Climate Change Stirs Iloilo
Reports by: Jim Sharman, Au Hugo and Sam Prudente The Tornado that was Shiela Castillo-Tiangco’s visit to Iloilo has come and gone but not without stirring things up both for the Iloilo Mission Node and hopefully for the students, faculty members, government officials, community leaders and concerned citizens from Iloilo and neighboring provinces (including Guimaras Island) who attended the presentations. Sheila was unstoppable and amazing, continuously reworking her presentation and bringing a real quality of commitment and passion to all her presentations.
Even with months of preparation, time seemed to accelerate as the event neared. Last minute glitches, like a wrong booking for Shiela's flight, only served to strengthen our resolve. Individuals were tested. The Iloilo Mission node was tested. And maybe, even Sheila was tested, given that we scheduled her for nine presentations over a four-day period! We knew that The Climate Reality Project was meant to be a learning opportunity for participants, but we had not realized what a learning opportunity it would become for the node! This was one of my own key insights from the event—that the second “I” in MISSION, is a powerfull and indispensable aspect of becoming an imaginal. Taking initiative together forces us to undergo the lemniscate process both individually and as a group. In the end, we moved, and Divine Providence moved too! But first to the report of the event.
A day before the launch, the small circle of carriers had the chance to sit together and be quiet. It was an important re-visiting of and reflection on intentions and sources of imaginality. This gave a renewed sense of purpose and strength and really helped gell the group in preparation for the long days ahead.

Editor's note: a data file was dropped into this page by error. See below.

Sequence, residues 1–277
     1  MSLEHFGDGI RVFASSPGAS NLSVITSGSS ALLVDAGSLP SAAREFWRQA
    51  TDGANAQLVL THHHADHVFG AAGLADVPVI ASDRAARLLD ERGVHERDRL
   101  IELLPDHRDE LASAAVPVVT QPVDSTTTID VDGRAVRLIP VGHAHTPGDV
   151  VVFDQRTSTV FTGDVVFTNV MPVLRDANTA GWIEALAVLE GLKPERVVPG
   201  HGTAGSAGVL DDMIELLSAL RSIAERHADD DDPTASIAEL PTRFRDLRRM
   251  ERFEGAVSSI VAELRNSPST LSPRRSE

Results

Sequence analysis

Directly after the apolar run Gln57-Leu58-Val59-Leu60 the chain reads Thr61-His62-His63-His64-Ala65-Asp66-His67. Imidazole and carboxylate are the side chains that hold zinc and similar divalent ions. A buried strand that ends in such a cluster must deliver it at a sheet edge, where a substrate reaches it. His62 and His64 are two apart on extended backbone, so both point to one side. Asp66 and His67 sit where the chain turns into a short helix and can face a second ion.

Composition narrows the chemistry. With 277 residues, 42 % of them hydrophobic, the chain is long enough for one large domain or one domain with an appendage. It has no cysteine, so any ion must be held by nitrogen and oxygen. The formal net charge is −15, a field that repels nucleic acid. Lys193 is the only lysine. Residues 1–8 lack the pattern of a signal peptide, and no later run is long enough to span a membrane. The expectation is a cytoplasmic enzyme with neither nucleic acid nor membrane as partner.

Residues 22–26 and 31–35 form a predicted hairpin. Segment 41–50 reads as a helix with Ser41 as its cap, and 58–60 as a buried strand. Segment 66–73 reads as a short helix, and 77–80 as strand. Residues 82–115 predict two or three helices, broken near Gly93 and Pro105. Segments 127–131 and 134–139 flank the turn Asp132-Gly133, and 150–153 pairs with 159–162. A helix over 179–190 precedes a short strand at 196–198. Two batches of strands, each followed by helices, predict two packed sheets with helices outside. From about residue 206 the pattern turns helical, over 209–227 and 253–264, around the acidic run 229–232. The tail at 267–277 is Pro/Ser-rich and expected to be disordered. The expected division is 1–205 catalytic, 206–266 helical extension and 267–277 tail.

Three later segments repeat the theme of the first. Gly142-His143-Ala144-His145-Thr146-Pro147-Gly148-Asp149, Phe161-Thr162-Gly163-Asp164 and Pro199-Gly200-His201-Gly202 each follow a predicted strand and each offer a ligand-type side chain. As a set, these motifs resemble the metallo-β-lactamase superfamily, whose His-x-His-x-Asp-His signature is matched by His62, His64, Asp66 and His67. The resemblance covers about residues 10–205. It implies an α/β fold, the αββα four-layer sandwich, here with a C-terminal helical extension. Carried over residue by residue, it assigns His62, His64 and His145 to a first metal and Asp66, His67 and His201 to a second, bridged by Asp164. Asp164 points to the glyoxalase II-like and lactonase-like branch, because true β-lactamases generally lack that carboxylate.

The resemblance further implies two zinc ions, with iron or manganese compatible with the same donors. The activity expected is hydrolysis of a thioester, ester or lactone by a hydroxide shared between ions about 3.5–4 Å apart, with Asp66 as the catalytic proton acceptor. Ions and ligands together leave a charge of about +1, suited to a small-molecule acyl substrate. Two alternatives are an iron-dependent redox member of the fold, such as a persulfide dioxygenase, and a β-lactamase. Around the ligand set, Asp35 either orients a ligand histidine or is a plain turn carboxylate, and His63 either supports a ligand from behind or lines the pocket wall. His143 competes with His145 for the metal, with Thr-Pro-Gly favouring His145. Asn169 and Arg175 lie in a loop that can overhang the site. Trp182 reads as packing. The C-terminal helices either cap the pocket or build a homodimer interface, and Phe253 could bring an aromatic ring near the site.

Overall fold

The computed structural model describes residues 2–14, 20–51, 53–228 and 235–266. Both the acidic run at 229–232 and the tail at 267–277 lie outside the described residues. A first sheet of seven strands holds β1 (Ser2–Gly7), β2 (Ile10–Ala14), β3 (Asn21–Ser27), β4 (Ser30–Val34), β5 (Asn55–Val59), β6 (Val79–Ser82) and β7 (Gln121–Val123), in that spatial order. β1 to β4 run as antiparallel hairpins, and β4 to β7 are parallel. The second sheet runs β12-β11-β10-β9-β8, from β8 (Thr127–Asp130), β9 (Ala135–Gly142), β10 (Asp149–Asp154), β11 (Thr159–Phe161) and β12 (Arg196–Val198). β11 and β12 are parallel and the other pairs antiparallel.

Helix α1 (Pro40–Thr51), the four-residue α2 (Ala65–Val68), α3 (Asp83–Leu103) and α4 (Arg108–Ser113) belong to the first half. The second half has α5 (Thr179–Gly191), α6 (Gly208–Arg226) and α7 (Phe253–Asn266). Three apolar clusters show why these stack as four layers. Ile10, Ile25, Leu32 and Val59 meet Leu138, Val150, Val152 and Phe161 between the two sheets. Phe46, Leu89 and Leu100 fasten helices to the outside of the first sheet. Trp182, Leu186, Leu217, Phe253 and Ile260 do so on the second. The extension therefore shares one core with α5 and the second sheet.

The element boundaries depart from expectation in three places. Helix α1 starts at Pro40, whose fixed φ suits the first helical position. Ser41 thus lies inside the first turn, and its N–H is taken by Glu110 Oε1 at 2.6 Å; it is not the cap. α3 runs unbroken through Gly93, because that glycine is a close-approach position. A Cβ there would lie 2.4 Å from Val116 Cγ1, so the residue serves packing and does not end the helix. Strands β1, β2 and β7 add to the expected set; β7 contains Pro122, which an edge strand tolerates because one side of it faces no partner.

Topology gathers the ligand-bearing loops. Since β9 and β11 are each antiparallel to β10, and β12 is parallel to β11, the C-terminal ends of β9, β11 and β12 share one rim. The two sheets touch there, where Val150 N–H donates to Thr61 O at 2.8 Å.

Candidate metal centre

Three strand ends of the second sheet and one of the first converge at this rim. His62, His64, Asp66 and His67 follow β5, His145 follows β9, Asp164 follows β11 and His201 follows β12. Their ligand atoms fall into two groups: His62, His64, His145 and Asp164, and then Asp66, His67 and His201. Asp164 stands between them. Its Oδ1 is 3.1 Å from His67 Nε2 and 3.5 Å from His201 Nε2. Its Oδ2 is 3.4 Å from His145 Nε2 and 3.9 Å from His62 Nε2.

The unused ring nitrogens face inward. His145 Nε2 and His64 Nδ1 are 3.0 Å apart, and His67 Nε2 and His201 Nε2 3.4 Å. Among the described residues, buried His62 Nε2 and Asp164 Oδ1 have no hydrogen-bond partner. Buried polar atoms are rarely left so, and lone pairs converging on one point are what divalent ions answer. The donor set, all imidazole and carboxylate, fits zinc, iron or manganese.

We had three venues on the first day—University of the Philippines in the Visayas (Iloilo City Campus); John B. Lacson Foundation Maritime University; West Visayas College of Science and Technology. We were able to reach over 950 people through the efforts of these three institutions. Media covered the event at UP and Sheila had a phone-patched interview with a local station.
Day two also consisted of three venues: Iloilo Doctor’s College; PHINMA-University of Iloilo; and PHINMA-University of Iloilo College of Law, which hosted 100 businessmen and law students sponsored by JCI Regatta Iloilo. Through these venues and venue partners, we reached approximately 1,300 people.
On the third day, we sent Sheila to Guimaras island where she gave her presentation to a small group of residents and civil servants of Nueva Valencia at the John B. Lacson Foundation Maritime University’s Villa Igang Training facility. Later, back in Iloilo, Shiela spoke to 400 students of Saint Paul University of Iloilo.